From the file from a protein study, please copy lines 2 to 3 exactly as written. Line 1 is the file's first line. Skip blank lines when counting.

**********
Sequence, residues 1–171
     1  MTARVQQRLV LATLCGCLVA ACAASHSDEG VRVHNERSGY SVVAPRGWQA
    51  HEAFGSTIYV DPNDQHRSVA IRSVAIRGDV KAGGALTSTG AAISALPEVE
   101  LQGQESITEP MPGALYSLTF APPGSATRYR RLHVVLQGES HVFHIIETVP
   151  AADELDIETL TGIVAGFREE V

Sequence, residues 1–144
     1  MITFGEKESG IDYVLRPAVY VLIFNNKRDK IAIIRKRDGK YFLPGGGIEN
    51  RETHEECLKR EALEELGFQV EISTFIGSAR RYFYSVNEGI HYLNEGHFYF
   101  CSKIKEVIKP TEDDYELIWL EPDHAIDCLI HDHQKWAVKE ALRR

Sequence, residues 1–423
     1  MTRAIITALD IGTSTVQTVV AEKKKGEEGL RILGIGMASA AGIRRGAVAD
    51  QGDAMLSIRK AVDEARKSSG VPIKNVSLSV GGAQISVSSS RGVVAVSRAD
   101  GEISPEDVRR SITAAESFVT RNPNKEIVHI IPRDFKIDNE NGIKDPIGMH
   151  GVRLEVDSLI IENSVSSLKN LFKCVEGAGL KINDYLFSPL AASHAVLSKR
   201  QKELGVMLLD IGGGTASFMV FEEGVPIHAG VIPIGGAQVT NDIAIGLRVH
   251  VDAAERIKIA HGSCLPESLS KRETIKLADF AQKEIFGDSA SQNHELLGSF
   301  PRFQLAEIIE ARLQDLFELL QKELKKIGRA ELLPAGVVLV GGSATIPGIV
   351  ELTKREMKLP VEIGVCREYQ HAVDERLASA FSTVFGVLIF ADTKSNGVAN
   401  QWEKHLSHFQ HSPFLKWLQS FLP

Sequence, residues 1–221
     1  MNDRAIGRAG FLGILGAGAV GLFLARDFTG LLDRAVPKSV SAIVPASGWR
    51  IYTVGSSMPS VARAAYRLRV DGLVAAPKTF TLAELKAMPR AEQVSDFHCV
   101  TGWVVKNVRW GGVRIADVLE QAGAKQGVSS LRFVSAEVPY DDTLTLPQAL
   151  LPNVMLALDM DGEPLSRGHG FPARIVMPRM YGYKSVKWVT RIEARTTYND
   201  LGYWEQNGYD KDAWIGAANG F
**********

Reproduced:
     1  MTARVQQRLV LATLCGCLVA ACAASHSDEG VRVHNERSGY SVVAPRGWQA
    51  HEAFGSTIYV DPNDQHRSVA IRSVAIRGDV KAGGALTSTG AAISALPEVE